Right side panel
1947 Detroit Tigers / BAS875-1-6
Ball type: Reach Official American League, single-stitched, William Harridge signature.
Signatures: Twenty-six, in fountain pen. Front panel: Doc Cramer. Back panel (sweet spot): Steve O'Neill, Art Houtteman. Upper panel: Skeeter Webb, Jimmy Outlaw, Roy Cullenbine, Eddie Lake, John McHale. Right side panel: Vic Wertz, Johnny Gorsica, Dick Wakefield, Hal Newhouser, Pat Mullin, Stubby Overmire, George Kell. Lower panel: Bob Swift, Bill Sweeney, Fred Hutchinson, Eddie Mayo, Hal Wagner. Left side panel: Al Benton, Frank Shellenback, Dizzy Trout, Ed Mierkowicz, Hoot Evers, Virgil Trucks.
Condition: All signatures fully discernable; no apparent fading. Ball surface shows significant and uniform natural discoloration; labelling extremely faint.
Notes: The Detroit Tigers of the late 1940s were one of major league baseball's soundest franchises. In an era marked by unprecedented growth at the gate - organized baseball set new aggregate attendance marks in 1946, 1947, and 1948 - the Tigers stood out, with the American League's highest average annual attendance over the period 1945-50. According to figures made public when the team was sold in 1956, the '47 Tigers showed profits of $197,000 on $1.93 million in gross revenues (eighty per cent of which came from gate receipts); in several other seasons returns approached twenty-five per cent of revenues. Owner Walter O. Briggs, a wealthy auto body manufacturer, was not reluctant to spend: the 1947 player payroll of $477,000 was among the league's highest, and Briggs Stadium was an extremely well-maintained and attractive facility. The team was quite successful on the field as well, with a wartime championship in 1945 and second-place finishes in 1946, 1947, and 1950. Yet for all this, the post-war Tigers never quite realized their potential. Briggs spent lavishly on signing bonuses for "star" prospects like Dick Wakefield ($52,000) but not on developing the farm system, which by the early 1950s was dry. Nor did he benefit by the most significant event of 1947, the integration of the major leagues; no black athlete would play for Detroit until 1958. The result, following Briggs' death in 1952, was a decade of mediocrity and reduced profitability, while the Yankees, Indians, and White Sox reigned as the league's successful franchises.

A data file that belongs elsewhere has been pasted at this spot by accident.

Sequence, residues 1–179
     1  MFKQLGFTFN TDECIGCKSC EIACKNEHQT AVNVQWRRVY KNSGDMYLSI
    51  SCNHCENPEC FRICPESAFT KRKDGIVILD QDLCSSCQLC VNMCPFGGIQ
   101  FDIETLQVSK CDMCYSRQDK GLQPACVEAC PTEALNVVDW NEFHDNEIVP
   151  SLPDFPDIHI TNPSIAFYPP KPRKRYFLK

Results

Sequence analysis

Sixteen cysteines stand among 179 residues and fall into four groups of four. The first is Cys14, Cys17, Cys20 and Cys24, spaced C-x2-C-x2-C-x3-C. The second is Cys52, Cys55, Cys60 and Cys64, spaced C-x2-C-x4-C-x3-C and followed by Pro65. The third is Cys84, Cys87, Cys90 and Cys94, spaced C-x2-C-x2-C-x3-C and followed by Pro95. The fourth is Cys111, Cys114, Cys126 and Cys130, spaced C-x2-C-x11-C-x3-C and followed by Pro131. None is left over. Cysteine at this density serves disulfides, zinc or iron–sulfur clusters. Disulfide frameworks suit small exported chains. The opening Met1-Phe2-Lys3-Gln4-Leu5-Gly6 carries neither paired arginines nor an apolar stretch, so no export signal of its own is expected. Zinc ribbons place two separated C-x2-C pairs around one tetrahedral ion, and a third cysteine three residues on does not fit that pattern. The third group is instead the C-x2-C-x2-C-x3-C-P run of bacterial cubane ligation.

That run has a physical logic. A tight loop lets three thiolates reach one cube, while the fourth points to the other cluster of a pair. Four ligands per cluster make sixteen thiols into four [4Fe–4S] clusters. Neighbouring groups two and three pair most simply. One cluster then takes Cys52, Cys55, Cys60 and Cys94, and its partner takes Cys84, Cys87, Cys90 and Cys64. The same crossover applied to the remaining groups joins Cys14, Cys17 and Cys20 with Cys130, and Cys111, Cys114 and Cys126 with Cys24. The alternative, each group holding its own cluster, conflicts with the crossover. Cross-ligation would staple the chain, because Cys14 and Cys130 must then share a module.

Pre-season expectations for the 1947 Tigers were high, and the team did in fact get off to an excellent start. But a terrible June combined with a 19-game Yankee winning streak in July knocked the Tigers from contention; they ended the season at 85-69, twelve games behind New York in second place. The pitching was a disappointment. Hal Newhouser and Dizzy Trout had been the best starting tandem in baseball over the previous three years; each saw his ERA rise by about a run. Newhouser's frustration became evident on 28 August when he was fined $250 for "indifferent performance plus refusal to leave the pitching mound." The club's best position player was young third baseman George Kell, who hit .320 and was voted to the BBWAA's major league all-star team. First baseman Roy Cullenbine hit 24 homers and walked 137 times; shortstop Eddie Lake managed 120 walks despite hitting .211 and slugging .322. (the '47 Tigers are among the top ten teams all-time in bases on balls). But perhaps the most momentous event of the season was the first local telecast of a Tigers game, carried by WWJ-TV (and seen mostly in bars).
The 1947 Tigers used only thirty different players, an exceptionally low total for the era. Twenty-three of them appear on this ball, including all players of significance except Birdie Tebbets (traded to Boston for Hal Wagner in May) and reliever Hal White. Also present are coaches Bill Sweeney and Frank Shellenback and manager Steve O'Neill. Two Hall of Famers, Newhouser and Kell, appear. The ball necessarily dates from after the Tebbets-Wagner trade, made on 20 May.
Provenance: Purchase, 1996.